Pandemic Multifamily: Tenant Preferences and Shifting Strategies

Understanding Pandemic Multifamily

This year has presented contradictory messages for multifamily investors. Prevailing wisdom holds that apartments fare well during recessions, but headlines have blared concerns that an eviction wave might permanently damage the sector, or, failing that, that concessions might prove ruinous. No eviction wave has occurred so far, and though rents have declined in urban markets other verticals such as hospitality have still fared worse.

However, the pandemic has changed American life. Shifts away from high-cost coastal cities have created boom conditions in commuter towns and smaller urban centers, creating new conditions and new opportunities. In a typical acquisitions environment, multifamily investors stick to a predefined investment strategy. The ongoing shifts in demographics and the way many conduct work demand a corresponding evolution in multifamily investors’ strategies, involving more scrutiny, analysis, and flexibility than in a typical year.

Appealing to Tenant Needs

No perfect predictions can be made about the pandemic’s long-term impact and the associated shifts in demographics and work culture. However, even if a vaccine like Pfizer’s sees distribution beginning as early as January 2021, the status quo will not return overnight. Many companies have committed to allowing work from home to continue after a vaccine, including tech giants like Facebook and Twitter. Even companies with more traditional work cultures, such as Morgan Stanley, have indicated that their office footprints will shrink in the future.

This shift to working from home has enabled mass departures from places like New York City and San Francisco to suburbs, exurbs, and smaller cities. In New York City, young families have led, making permanent moves to Connecticut, Long Island, and elsewhere earlier than expected. San Franciscans have also decamped, some for hometowns, some for Lake Tahoe, and some for cheaper Californian markets. Though some may return once commuting seems less fraught, urban budget shortfalls caused by decreased tax revenue and acclimation to suburban living will join the increased flexibility of work arrangements to keep some in their new homes.

How do multifamily owners appeal to these tenants? Outdoor space has become more popular, both with those still renting in cities such as New York and those who have left. In Manhattan, apartments with outdoor space command a 5.4% premium over their pre-pandemic prices. In cities, outdoor spaces take the form of terraces or balconies. These do not present an opportunity for much value-add. On the other hand, in suburbs and areas with lesser density, investors can look for assets with underdeveloped acreage. Improvements there can take the form of easy-to-add picnic tables and heaters. Though more expensive and involved, private playgrounds built with social distancing in mind can attract young families uncomfortable with municipal alternatives.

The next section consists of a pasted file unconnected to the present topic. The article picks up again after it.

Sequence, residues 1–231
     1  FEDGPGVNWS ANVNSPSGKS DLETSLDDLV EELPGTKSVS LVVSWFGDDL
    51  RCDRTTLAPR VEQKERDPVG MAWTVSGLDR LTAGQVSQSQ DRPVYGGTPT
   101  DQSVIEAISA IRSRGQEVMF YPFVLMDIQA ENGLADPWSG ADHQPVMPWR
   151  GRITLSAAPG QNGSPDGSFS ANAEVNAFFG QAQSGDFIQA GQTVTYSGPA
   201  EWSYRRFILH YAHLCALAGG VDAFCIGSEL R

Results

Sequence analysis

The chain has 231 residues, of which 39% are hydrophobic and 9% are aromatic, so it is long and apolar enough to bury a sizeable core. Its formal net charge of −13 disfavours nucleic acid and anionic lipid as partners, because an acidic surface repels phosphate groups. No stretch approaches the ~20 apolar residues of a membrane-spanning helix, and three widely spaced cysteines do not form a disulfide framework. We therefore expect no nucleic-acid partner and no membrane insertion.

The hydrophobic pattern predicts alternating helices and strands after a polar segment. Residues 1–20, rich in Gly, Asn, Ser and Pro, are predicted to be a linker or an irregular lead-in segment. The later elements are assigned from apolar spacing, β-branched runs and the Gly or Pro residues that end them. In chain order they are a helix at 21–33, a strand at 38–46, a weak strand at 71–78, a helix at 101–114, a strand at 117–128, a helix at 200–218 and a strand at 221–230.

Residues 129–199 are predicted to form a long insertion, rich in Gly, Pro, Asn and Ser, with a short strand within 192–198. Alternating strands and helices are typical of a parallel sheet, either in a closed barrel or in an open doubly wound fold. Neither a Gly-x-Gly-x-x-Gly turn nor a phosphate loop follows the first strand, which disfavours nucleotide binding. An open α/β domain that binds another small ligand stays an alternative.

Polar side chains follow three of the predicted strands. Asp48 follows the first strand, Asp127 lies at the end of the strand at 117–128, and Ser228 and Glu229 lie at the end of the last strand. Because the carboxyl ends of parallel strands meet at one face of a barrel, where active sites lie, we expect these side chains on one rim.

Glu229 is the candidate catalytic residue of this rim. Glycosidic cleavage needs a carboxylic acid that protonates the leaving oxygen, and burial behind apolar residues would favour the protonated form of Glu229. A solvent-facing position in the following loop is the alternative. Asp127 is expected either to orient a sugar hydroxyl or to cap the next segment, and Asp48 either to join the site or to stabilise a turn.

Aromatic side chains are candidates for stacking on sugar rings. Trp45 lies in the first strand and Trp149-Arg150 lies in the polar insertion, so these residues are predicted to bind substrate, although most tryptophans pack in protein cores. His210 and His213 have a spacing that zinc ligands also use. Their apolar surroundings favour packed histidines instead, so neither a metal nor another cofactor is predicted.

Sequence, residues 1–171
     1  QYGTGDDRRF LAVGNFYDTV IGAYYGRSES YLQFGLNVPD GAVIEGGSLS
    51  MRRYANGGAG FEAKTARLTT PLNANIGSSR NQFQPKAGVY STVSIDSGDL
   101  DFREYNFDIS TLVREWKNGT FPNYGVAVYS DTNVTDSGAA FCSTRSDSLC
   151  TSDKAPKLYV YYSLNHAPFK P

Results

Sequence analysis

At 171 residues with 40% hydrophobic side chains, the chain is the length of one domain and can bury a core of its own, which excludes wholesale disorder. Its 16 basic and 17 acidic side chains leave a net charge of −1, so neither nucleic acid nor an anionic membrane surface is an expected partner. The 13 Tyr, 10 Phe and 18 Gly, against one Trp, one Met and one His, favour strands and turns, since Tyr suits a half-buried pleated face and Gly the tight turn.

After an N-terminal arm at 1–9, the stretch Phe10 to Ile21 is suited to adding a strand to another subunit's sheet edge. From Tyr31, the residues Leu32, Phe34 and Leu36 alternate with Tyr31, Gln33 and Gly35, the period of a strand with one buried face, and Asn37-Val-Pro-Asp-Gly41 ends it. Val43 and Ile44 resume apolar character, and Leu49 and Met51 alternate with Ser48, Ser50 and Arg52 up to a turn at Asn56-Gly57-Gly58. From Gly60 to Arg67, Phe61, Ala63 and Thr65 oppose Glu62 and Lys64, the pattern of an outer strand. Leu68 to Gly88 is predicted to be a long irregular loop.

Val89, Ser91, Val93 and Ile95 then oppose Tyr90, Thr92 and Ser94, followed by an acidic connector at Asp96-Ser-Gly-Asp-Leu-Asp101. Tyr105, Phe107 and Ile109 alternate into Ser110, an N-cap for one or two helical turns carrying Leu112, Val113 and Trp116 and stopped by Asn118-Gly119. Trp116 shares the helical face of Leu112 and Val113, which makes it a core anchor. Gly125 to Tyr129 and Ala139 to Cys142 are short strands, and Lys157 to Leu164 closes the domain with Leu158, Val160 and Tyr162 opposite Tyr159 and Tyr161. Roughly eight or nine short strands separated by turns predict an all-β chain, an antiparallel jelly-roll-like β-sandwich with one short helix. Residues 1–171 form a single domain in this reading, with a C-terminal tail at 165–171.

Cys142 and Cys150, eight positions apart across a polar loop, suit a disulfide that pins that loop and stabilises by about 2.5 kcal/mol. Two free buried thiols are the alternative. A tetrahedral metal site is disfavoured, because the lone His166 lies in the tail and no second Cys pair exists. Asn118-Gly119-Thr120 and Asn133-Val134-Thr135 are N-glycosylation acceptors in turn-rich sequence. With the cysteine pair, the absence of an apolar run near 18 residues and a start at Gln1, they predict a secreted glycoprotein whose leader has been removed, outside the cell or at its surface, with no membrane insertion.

Indoors, units that offer a second bedroom without a premium, or common spaces that can accommodate an office nook or a Peloton will attract tenants more quickly. Given that construction may face hurdles due to safety costs, value-add can come in marketing: a former breakfast alcove touted as perfect for a desk or indoor greenery. Assets with a disproportionate number of small one-bedroom units or studios are best approached with skepticism for now.

Realigning Diligence to Match the Market

Diligence must also undergo reassessment considering the pandemic. A thesis about what will attract tenants has no value if a major local employer goes bankrupt, and normal levels of rent roll scrutiny are not enough.

Understanding a local market will enable the best possible investment decisions. A comprehensive review of local employers and economic prospects will reveal whether the local tenant base can withstand an ongoing pandemic. It may also uncover potential growth prospects as employers rethink leases in major cities, such as a burgeoning tech scene. Another detail to factor is the cost of homeownership. Destinations for those leaving cities have experienced spikes in home costs. Towns with suddenly inflated real estate markets still have the appeal of more space than cities, but for newcomers it will only be readily accessible by renting.

Assets also deserve added scrutiny. Understanding recent leasing trends, existing concessions, and discrepancies between occupancy levels in different unit types can be the decisive factor in a successful acquisition. Disproportionate occupancy of larger units can provide evidence of strong demand from remote office workers. On the other hand, a drop-off in lease activity coupled with higher-than-normal concessions may prove that a market has ceased absorbing new residents. Whatever the case, even non-value add deals may merit a full lease audit to guarantee that tenants can absorb gradual rent increases.

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Whether you need to produce hyperlocal comp sets to understand a new market or want to accelerate the processing of property financials to look at more assets during the pandemic, redIQ can help. Schedule a demo today and see how.


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